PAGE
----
The best type of flash for hummingbird photography is an external flash unit, a flash that has a foot to be mounted on your cameras hot shoe, on an off-camera shoe cord, or on a stand. These flash units are typically called Speedlites (Canon) or Speedlights (Nikon). Choose one that allows for manual settings, where the power of the flash can be reduced to 1/16th power or less. Speedlites have the unique ability to shorten their flash duration as the power is turned down. Most Speedlites on 1/16th power have a flash duration of 1/5,000 of a second or faster. Studio flashes won’t work as well for hummingbirds in flight because they don’t work the same way and the flash duration is too long to be effectively used for these fast, little birds.

I use a Canon EOS camera so I stayed with that line when I purchased my flashes from KEH Camera. I went with some Canon 430 EZ flashes, which can be manually dialed down to 1/128th of a second, although I set mine at 1/16th power. There is a trade-off however. In reducing the power of the flash, you also reduce its effective range. At such a low power, the flash needs to be placed under two feet away or less from the hummingbird.

Typically for this set up I use six flashes that are all placed less than two feet from the feeder spout. Two at 45 degree angles on the background. One flash above the subject, and one below. The other two flashes are at 45 degree angles above and to the sides of the subject. They are aimed at a point about seven inches away from the feeder to catch the hummingbird when it backs up to take a break from feeding. I mount all the flashes on light stands and old tripods and trigger them using a wireless flash triggering system.

my set-up

I do my hummingbird photography in the shade. My yard has a lot of sun so I use an instant shade pop-up that is 8 feet square. That way, all of the light is coming from my flashes and I’m not hindered much by ambient light. It’s also a pleasant place to photograph on a hot sunny day. A typical set up also uses flowers placed close to, or in front of, the hummingbird feeder spout. Often times I will also include flowers just behind the feeder as well.

While you can shoot this type of image using a natural surrounding background, you can also bring in your own. My personal preference is an olive green backdrop made of painted Masonite hardboard, that I place about four feet behind the feeder. Whatever you choose to use, make sure that it is large enough to cover your area behind the feeder.

Exposure varies depending on your ambient lighting, on the flashes you're using, and on your cameras sync speed. Typically I use a shutter speed of 1/200th of a second, at an aperture ranging from of f13 to f18. I prefer stopping down to keep the hummingbird in focus.


For focusing, I manually pre-focus on the tip of the hummingbird feeder with my camera on a tripod. Then I turn the camera so that it is pointed to an area with the feeder spout just out of the frame. The camera position is about six feet away from the feeder.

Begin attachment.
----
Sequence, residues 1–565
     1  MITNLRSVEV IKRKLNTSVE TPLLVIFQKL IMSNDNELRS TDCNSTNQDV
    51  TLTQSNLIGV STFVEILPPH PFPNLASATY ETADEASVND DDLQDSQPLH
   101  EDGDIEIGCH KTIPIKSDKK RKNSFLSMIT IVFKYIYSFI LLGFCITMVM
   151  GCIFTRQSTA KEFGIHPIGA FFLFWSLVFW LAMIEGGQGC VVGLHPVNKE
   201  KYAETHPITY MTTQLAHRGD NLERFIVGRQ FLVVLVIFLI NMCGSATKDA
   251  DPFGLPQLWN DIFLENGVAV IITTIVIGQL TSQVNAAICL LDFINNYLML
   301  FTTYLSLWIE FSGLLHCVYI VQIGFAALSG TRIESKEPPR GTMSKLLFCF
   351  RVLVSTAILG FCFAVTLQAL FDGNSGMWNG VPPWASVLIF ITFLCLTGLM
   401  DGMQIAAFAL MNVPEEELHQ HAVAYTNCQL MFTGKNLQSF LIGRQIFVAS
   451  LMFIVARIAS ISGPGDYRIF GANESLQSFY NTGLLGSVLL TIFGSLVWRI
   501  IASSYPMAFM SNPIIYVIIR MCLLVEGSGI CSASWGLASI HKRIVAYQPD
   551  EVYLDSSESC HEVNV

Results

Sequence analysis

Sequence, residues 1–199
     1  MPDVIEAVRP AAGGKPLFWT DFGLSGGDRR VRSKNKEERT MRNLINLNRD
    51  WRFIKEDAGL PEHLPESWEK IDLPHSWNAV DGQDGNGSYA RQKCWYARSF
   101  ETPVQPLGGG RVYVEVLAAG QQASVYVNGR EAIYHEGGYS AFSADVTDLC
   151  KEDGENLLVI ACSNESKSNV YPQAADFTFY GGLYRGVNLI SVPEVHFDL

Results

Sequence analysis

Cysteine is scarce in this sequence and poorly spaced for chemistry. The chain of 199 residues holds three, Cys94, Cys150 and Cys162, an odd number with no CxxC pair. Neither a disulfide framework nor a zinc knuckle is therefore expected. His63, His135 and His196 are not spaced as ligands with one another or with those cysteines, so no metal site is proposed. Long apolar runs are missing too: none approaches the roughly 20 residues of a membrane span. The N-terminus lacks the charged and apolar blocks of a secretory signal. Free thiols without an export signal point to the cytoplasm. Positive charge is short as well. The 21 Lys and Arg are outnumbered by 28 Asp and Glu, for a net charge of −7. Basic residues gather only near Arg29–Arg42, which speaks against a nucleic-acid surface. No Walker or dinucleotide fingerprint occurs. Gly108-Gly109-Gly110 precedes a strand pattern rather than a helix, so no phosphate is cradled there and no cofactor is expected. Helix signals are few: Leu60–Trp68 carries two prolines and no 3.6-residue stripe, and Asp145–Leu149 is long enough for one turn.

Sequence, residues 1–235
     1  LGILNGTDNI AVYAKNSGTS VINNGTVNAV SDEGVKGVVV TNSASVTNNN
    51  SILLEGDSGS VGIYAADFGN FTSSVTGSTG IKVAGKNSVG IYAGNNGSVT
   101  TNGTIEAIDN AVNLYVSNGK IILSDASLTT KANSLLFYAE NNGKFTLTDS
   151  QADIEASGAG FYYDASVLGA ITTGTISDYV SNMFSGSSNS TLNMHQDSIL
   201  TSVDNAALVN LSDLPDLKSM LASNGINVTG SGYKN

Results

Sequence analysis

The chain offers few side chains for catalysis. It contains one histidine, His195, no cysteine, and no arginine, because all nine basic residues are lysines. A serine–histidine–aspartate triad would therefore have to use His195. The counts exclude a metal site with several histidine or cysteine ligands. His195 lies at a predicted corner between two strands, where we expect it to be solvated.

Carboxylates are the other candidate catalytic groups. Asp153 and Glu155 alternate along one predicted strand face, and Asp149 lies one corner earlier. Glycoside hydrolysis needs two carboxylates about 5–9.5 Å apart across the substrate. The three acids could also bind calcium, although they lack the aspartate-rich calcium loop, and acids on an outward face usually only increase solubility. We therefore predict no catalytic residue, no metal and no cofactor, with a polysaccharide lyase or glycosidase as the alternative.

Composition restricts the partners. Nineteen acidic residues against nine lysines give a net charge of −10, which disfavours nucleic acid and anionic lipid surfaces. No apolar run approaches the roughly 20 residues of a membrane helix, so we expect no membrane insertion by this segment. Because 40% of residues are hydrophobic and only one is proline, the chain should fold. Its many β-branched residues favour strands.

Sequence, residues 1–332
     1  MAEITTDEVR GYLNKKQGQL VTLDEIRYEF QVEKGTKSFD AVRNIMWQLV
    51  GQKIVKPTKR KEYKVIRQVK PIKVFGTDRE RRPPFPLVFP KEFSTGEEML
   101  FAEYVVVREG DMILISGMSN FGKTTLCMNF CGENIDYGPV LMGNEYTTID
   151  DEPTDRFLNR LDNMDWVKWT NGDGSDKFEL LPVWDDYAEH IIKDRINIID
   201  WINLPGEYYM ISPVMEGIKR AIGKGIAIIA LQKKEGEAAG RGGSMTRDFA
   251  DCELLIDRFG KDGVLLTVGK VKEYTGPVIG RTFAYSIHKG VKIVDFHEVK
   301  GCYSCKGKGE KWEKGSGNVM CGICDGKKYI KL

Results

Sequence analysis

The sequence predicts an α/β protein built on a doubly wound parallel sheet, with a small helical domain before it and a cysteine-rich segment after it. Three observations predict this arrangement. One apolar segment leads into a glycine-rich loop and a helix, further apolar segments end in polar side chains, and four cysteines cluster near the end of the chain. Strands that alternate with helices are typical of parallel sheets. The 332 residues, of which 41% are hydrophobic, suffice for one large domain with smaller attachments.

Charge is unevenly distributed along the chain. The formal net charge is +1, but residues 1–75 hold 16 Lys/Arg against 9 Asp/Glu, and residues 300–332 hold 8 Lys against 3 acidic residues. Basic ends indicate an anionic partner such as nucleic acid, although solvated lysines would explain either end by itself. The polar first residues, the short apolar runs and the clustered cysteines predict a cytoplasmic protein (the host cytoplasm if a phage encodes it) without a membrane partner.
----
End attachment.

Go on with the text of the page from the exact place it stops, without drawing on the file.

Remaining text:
As far as lenses go, I use one of two telephotos. I use a Canon 100 to 300 IS or a Canon 100-400 IS. When using the 100-400 I use extension tubes so that I can have a closer focusing distance.

To do hummingbird photography having a hummingbird feeder is critical. I put mine up in early spring filled with a mixture of plain white sugar mixed at a ratio of one part sugar, to four parts tap water.

With hummingbirds, it is a bit of a waiting game. If you don’t use a blind you must sit as motionless as possible with your fingers on the shutter release, or consider using a remote. Wait for the hummingbird to begin feeding a few times before you start blasting away with the flashes. Start off slow and eventually they will get used to the flash. Usually the best time to click the shutter is when they back off from the feeder to rest a bit. They will move forward and feed and then back off about four to eight inches and hover there for several seconds before moving forward to feed again.

If you're into hummingbirds or are just up for the challenge, this is a great photographic exercise. So put some gear together and go out and have some fun!



Bio: Chris Hansen is a stock photographer in California. He loves shooting with his Digital Canon camera, a Pentax 6x7, and an old wooden 4x5 field camera. Hansen is a proud member of PhotoMission, a Christian photography group that serves to further spread the word through photography. His images have been featured on the covers of Mule Deer Magazine, California Hunter, and used in Big Game Adventures, Whitetail Bowhunter, and North American Hunter.

Links:
http://christhephotog.blogspot.com/
http://photomission.com/ 


all photos © J. Chris Hansen

Tuesday, July 26, 2011

Using Exposure Compensation

Last month we talked about understanding in-camera metering. We mentioned using exposure compensation, but wanted to expand on the topic by covering not only what it is, but explaining what it does and how to use it.


 ---------